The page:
North Africa was the epicenter of the Arab Spring, but, in one Mediterranean country, the society’s growing resentment toward kleptocratic elites largely failed to materialize in public mobilization.
Where 2011’s uprisings paved the way for the temporary collapse of autocratic rule in several countries, Algeria’s regime remained in power, as the anti-government protests that did occur were marked by reluctance. The biggest rally in Algiers in 2011 only gathered a few thousand people, as the regime turned the city into a fortress.
The government led by the army and the former unity party Front de Libération Nationale (FLN) did make limited concessions and promised reforms, but they also warned people that joining marches in popular revolt might once again lead to uncertainty and bloodshed. Leading politicians repeatedly framed the civil war of the 1990s as an immediate repercussion of the 1988 political uprising.
The brutality against civilians in that war was indeed unprecedented: 150,000 people were killed in the conflict between the state and armed Islamist groups. However, despite the military’s documented involvement in wartime atrocities, the regime managed to turn the national trauma into a tool to bolster its legitimacy and tighten its dominance over public discourses. Ever since, the ruling elite presents itself as the nation’s savior from an Islamist takeover and the only alternative to the chaos and bloodshed of the 90s – a narrative Algerian leaders repeatedly recited in 2011 and after the violent dispersal of the Rabea al-Adaweya sit-in in Cairo in 2013.
The regime still feeds on that fear and continues to instrumentalize the war of the 1990s to defend its grip on power. However, the narrative of its success in maintaining stability strongly conflicts with the stories of those who were murdered or forcibly disappeared during the military’s ruthless counter-insurgency campaign, a troubled history that Algeria’s turn to political amnesty to settle the dispute has left unresolved.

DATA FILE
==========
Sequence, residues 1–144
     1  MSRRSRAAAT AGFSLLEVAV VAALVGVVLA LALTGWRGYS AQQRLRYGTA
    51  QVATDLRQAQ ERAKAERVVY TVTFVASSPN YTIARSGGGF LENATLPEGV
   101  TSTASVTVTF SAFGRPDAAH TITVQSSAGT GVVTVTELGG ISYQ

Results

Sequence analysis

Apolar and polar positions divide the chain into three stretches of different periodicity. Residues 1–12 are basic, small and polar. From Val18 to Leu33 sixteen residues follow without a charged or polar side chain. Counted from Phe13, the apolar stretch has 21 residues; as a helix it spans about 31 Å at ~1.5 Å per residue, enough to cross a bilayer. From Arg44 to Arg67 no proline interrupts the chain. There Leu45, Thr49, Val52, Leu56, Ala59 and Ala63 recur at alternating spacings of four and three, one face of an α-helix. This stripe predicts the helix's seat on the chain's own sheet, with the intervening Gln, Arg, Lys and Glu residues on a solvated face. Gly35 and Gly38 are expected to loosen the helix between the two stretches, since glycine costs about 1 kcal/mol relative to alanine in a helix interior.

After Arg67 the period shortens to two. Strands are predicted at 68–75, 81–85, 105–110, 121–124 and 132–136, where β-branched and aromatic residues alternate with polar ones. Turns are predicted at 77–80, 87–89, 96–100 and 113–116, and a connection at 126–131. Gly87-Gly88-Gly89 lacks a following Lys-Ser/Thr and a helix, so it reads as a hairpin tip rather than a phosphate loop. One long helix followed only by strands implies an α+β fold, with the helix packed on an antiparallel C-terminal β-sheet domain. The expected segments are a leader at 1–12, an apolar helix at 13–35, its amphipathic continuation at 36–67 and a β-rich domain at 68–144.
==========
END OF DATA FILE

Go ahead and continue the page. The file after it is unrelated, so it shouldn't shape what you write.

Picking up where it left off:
Today, investigations into forced disappearances are widely suspended by security forces, but the families of thousands of civilians whose fate is unknown still seek justice and persistently counter the official narrative. But their struggle is challenging, as the state consistently refuses to acknowledge the magnitude of the injustice and ignores the demands of the families of the disappeared, who turn instead toward the country’s civil society.
“They came at night, searched my grandmother’s house and took my father. It was the last time someone of our family saw him alive.” Torkia Bourechak was 14 years old when Algeria’s notorious military police arrested Adda Bourechak in Sidi Bashir, an informal neighborhood on the outskirts of the Mediterranean city of Oran.
Their house was searched several times, but Adda and his younger brother Houcine were careful enough to hide elsewhere each time, until one day in 1994 when they were taken. Today, Torkia has no hope of finding them alive. Her family searched for them for years in prisons, hospitals and morgues but ultimately gave up in 2001. But Torkia still seeks the truth.
“They were no Islamists, not at all. But they voted for the Front Islamique du Salut (FIS) in the 1991 parliamentary elections,” she says.
The FIS, a radical Islamist party that gained massive public support from large strata of Algeria’s society, including non-Islamist opponents of the old elites after the 1988 uprising, stood on the precipice of a landslide victory in the first democratic elections since Algeria’s independence from France in 1962, but the second round of the vote never happened. In January 1992, the army intervened, canceled the electoral process, declared a state of emergency and installed a military government.